Monthly Archives: February 2013

There seems to be no shortage of evangelistic methods that people devise and hold up as the most preferable technique. Some claim it is friendship evangelism, others say it is engaging others in question-and-answer dialogue, and still others insist it is showing love and doing service for others. It is likely that there are others as well. No matter what the method is, they are sometimes presented and/or embraced as a “silver bullet” solution, that is, the single solution that will work where all others have failed. Consequently, it is not unusual to hear their creators or defenders try to persuade others of their worth with arguments that tend to sound like this: “Here’s why our evangelism is usually ineffective, so do this method, and your evangelism will be effective.”

Unfortunately, what they don’t seem to realize is that no evangelism is ineffective if it includes proclaiming the gospel and is devoid of unnecessary offenses. What is ineffective is the human heart’s ability to respond favorably to that message about Christ.

As good as their intentions may be, these toolmakers of evangelism seem to miss another important fact: The Bible doesn’t give us various methods and procedures for evangelism; it speaks only of proclaiming the gospel message. In fact, if the Bible upholds any particular method of evangelism at all, it is the verbal proclamation of the good news. From the parable of the sower to Paul’s descriptions of his own ministry to recorded events in the book of Acts, Scripture consistently emphasizes one evangelistic method: proclamation. That is the “silver bullet” of evangelism. Consider these passages:

For I am not ashamed of the gospel, for it is the power of God for salvation to everyone who believes, to the Jew first and also to the Greek. (Romans 1:16, ESV, emphasis added)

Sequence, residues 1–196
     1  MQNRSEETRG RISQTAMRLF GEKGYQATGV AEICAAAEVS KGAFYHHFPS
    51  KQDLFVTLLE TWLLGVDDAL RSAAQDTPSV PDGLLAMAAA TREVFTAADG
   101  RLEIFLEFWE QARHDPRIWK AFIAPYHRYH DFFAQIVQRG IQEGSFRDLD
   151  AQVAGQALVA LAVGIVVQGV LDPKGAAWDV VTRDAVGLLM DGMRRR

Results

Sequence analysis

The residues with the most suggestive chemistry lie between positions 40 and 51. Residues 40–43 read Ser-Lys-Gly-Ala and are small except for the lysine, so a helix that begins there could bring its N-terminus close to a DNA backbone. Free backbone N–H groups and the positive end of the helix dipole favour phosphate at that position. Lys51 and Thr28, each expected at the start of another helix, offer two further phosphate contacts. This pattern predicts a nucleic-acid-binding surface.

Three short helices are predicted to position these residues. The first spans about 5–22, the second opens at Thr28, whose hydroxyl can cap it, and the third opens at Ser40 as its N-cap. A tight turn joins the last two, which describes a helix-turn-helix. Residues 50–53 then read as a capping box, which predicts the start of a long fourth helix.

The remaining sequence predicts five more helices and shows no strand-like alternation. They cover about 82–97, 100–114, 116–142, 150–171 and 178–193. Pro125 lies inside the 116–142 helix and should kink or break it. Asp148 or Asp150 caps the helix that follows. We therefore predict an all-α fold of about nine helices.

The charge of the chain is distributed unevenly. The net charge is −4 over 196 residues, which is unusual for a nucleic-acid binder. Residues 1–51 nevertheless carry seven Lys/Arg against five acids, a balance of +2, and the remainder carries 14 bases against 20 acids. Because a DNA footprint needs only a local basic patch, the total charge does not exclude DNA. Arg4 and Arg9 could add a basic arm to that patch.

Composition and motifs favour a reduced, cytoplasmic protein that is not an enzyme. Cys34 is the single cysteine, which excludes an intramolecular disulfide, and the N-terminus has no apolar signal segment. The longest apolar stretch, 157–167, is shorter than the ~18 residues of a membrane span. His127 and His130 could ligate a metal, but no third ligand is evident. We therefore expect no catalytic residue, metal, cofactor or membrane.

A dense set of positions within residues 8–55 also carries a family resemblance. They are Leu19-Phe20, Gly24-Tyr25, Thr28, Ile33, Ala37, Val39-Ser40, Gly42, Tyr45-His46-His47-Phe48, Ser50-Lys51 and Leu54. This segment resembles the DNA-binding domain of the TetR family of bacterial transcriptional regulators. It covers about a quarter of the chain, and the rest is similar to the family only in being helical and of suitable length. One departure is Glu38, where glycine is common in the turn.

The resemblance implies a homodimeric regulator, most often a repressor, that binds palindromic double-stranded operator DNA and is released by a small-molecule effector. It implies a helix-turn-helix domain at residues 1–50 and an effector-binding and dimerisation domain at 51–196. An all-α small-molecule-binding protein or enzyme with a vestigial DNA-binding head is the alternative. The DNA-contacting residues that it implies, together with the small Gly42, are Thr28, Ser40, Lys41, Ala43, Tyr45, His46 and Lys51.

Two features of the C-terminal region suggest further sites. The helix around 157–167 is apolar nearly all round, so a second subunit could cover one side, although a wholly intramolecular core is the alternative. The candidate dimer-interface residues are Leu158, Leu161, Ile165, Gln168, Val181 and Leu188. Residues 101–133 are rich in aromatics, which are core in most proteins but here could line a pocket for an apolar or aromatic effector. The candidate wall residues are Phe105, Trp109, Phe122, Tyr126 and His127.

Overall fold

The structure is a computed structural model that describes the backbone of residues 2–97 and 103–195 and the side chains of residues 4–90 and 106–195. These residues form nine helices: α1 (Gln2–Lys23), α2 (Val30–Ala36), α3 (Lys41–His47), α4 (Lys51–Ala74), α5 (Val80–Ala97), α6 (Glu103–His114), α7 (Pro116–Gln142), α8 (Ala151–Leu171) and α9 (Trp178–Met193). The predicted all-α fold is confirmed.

For the word of the cross is folly to those who are perishing, but to us who are being saved it is the power of God. For it is written,

“I will destroy the wisdom of the wise,
and the discernment of the discerning I will thwart.”

Where is the one who is wise? Where is the scribe? Where is the debater of this age? Has not God made foolish the wisdom of the world? For since, in the wisdom of God, the world did not know God through wisdom, it pleased God through the folly of what we preach to save those who believe. For Jews demand signs and Greeks seek wisdom, but we preach Christ crucified, a stumbling block to Jews and folly to Gentiles, but to those who are called, both Jews and Greeks, Christ the power of God and the wisdom of God. For the foolishness of God is wiser than men, and the weakness of God is stronger than men. (1 Corinthians 1:18–25, ESV, emphasis added)

And I, when I came to you, brothers, did not come proclaiming to you the testimony of God with lofty speech or wisdom. For I decided to know nothing among you except Jesus Christ and him crucified. And I was with you in weakness and in fear and much trembling, and my speech and my message were not in plausible words of wisdom, but in demonstration of the Spirit and of power, so that your faith might not rest in the wisdom of men but in the power of God. (1 Corinthians 2:1–5, ESV, emphasis added)

For necessity is laid upon me. Woe to me if I do not preach the gospel! (1 Corinthians 9:16b, ESV)

This is not to say that any of the aforementioned methods are wrong simply because they do not appear in Scripture. In fact, some of these approaches may be useful in certain situations. The problem happens when they are lifted up to the same level as gospel proclamation and seen as equal to it in efficacy, as though gospel proclamation were optional—just one method to choose out of many. Thus, it is wrong to see any one of them as the single, long-sought-after silver bullet that will slay sin and resistance to the gospel once and for all. These various techniques are specific tools to stow away in one’s evangelistic toolbox, not as one-size-fits-all techniques but as implements to be retrieved when a particular occasion requires them and as support for the verbal communication of the gospel.

In all our methods, tactics, techniques and procedures, we need always to keep at the forefront of our minds this biblical truth: The gospel message is the method. It is the gospel that has power (Romans 1:16, James 1:18), not the various methods that we devise. We must always remember that.

About the Author

The author of this blog, Jeremy (Jehanne), is a Catholic who strives to think God's thoughts after Him and obey Christ's exhortation to take up the cross daily and follow Him on the way to Golgotha. He likes reading theology, evangelizing, and, of course, writing.